Sorry for the beginner question. I'm on Genki chapter 20 and one question asks to translate "he did not bring" with honorific language. The answer the book gives is "持ってきていらっしゃらなかった". I would have thought that this meant "was not bringing" and I still don't understand why it doesn't lol
First of all, you have to understand the following two points:
- -ている has two functions, "progressive" and "resultant state" (see this if you need a refresher).
- いらっしゃる is the honorific verb for all of いる, 行く and 来る.
Therefore, one honorific version of 持ってくる is 持っていらっしゃる, and you can make this simply by replacing くる with いらっしゃる. Its negative-past version is 持っていらっしゃらなかった. Another honorific version of 持ってくる is お持ちになる, which can somehow mean "to bring (here)" or "to take (to somewhere)" without explicitly saying くる or いく. So if you answered 持っていらっしゃらなかった or お持ちにならなかった, rest assured that these are perfectly correct honorific translations of "[He] did not bring [it]".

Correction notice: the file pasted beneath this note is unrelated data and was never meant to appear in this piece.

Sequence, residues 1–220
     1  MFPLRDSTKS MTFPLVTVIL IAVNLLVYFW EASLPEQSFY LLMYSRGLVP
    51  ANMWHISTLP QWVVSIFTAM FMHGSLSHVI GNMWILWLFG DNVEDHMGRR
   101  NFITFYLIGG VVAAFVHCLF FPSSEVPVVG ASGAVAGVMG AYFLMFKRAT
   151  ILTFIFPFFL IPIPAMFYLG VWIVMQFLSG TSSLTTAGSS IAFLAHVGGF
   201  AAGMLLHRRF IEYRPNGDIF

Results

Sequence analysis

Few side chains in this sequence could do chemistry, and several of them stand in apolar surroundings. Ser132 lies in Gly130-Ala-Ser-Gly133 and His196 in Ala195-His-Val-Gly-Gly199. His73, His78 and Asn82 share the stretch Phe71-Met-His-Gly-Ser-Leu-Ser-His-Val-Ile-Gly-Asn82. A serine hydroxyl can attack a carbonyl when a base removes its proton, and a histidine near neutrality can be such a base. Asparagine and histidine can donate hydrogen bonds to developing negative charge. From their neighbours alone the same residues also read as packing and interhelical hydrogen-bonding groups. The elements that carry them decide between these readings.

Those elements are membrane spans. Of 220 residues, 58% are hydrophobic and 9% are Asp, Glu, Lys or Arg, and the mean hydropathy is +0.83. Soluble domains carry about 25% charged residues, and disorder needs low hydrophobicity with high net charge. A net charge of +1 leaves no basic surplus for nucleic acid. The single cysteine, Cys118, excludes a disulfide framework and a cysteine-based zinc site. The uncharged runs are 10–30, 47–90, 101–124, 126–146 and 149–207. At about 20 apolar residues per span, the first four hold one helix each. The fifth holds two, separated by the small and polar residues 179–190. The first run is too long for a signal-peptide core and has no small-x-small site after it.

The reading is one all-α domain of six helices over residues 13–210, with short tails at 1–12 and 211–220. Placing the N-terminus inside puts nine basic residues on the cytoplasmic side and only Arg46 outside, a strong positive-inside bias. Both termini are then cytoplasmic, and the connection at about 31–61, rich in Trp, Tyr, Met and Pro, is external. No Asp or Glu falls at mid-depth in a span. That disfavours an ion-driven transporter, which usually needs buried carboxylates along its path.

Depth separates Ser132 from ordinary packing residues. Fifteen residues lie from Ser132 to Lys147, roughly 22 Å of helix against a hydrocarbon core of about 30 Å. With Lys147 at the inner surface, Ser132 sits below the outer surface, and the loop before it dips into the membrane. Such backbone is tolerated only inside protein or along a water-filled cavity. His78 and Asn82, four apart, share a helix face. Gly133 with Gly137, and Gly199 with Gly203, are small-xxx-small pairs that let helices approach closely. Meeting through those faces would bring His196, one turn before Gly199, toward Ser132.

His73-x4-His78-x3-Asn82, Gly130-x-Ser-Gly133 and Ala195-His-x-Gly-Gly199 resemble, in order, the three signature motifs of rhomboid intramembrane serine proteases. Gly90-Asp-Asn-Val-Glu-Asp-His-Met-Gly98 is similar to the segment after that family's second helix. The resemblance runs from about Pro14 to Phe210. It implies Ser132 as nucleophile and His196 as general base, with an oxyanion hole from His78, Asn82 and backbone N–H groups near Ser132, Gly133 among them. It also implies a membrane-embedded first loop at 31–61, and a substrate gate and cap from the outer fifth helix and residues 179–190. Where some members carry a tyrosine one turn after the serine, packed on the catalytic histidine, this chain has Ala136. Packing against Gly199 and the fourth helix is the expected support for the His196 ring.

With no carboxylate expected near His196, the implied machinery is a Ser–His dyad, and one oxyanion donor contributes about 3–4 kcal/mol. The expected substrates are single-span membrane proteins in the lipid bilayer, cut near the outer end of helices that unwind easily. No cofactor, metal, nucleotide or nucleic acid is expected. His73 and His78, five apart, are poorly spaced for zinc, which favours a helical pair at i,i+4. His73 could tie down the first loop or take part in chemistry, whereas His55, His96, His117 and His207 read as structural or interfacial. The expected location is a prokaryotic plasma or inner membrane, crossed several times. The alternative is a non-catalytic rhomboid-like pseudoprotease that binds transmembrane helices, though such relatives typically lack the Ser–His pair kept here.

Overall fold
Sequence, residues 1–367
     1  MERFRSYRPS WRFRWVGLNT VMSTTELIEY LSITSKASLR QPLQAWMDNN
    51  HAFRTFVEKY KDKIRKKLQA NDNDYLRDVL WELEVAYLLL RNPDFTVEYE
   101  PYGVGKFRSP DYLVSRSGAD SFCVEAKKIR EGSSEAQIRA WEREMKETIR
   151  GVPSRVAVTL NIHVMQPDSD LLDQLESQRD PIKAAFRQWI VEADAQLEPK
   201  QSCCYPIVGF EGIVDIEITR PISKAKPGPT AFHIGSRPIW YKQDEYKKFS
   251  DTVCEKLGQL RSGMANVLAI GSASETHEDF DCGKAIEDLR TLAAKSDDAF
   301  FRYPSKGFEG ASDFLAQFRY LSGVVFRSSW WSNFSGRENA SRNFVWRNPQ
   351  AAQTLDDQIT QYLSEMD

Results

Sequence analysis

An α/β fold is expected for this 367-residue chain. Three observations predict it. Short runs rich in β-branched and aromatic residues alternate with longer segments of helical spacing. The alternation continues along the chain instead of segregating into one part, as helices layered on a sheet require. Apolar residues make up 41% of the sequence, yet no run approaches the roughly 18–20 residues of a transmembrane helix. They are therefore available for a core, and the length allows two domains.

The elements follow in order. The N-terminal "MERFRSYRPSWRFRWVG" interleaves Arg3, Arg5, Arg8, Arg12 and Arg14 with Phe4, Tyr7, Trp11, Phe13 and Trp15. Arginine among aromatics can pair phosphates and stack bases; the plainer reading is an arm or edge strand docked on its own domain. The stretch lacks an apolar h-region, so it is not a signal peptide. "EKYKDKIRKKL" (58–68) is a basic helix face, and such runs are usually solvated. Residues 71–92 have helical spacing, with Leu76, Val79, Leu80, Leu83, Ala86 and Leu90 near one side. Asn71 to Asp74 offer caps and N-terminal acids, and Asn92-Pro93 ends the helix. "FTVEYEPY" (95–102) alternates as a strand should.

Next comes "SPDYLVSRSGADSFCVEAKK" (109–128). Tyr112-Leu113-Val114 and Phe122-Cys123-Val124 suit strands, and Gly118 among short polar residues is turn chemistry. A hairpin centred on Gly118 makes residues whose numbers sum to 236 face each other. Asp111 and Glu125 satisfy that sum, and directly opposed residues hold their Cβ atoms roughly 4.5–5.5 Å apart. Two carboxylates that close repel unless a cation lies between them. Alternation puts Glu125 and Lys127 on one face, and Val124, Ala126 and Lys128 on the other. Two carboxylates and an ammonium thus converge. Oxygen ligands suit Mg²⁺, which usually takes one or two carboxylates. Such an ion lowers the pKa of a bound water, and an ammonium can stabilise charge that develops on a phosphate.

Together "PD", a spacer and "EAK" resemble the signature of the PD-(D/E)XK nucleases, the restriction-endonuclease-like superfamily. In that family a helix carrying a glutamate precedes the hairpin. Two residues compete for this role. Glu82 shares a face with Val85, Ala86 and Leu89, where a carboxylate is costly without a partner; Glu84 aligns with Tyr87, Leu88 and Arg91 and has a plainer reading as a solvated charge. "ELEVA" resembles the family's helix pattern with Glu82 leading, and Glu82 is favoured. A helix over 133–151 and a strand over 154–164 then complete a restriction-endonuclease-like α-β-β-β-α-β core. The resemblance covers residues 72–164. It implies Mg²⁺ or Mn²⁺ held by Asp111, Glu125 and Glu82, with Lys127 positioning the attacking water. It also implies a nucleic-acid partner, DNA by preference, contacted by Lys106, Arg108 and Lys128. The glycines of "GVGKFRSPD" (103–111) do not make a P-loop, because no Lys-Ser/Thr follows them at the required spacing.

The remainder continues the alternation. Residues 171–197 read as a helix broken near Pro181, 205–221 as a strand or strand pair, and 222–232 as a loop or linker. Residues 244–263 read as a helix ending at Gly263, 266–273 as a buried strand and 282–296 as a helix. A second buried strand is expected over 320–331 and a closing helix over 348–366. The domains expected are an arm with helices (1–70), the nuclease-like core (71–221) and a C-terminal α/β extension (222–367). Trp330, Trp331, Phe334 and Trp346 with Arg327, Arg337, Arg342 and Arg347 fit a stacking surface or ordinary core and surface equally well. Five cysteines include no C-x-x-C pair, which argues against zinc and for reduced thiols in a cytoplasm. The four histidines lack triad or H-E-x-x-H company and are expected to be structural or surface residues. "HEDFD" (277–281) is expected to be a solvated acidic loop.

However, 持ってきていらっしゃらなかった is also a correct phrase. In this case, いらっしゃる is the honorific version of いる (because there is already くる).
The difference between 持っていらっしゃらなかった and 持ってきていらっしゃらなかった is basically the same difference between 持ってこなかった and 持ってきていなかった. This may seem confusing, but both of these are valid translations of "[He] did not bring [it]", and are used more of less interchangeably to describe a past event. This use of -ていない is a tricky topic but has little to do with honorifics themselves. Please read: Why is a verb in the past (た形) contradicted with ～ていない?
Finally, 持ってきていらっしゃらなかった can possibly have a progressive meaning ("He was not bringing it (on his way)") depending on the context, but it's not the primary interpretation of this phrase when there is no context.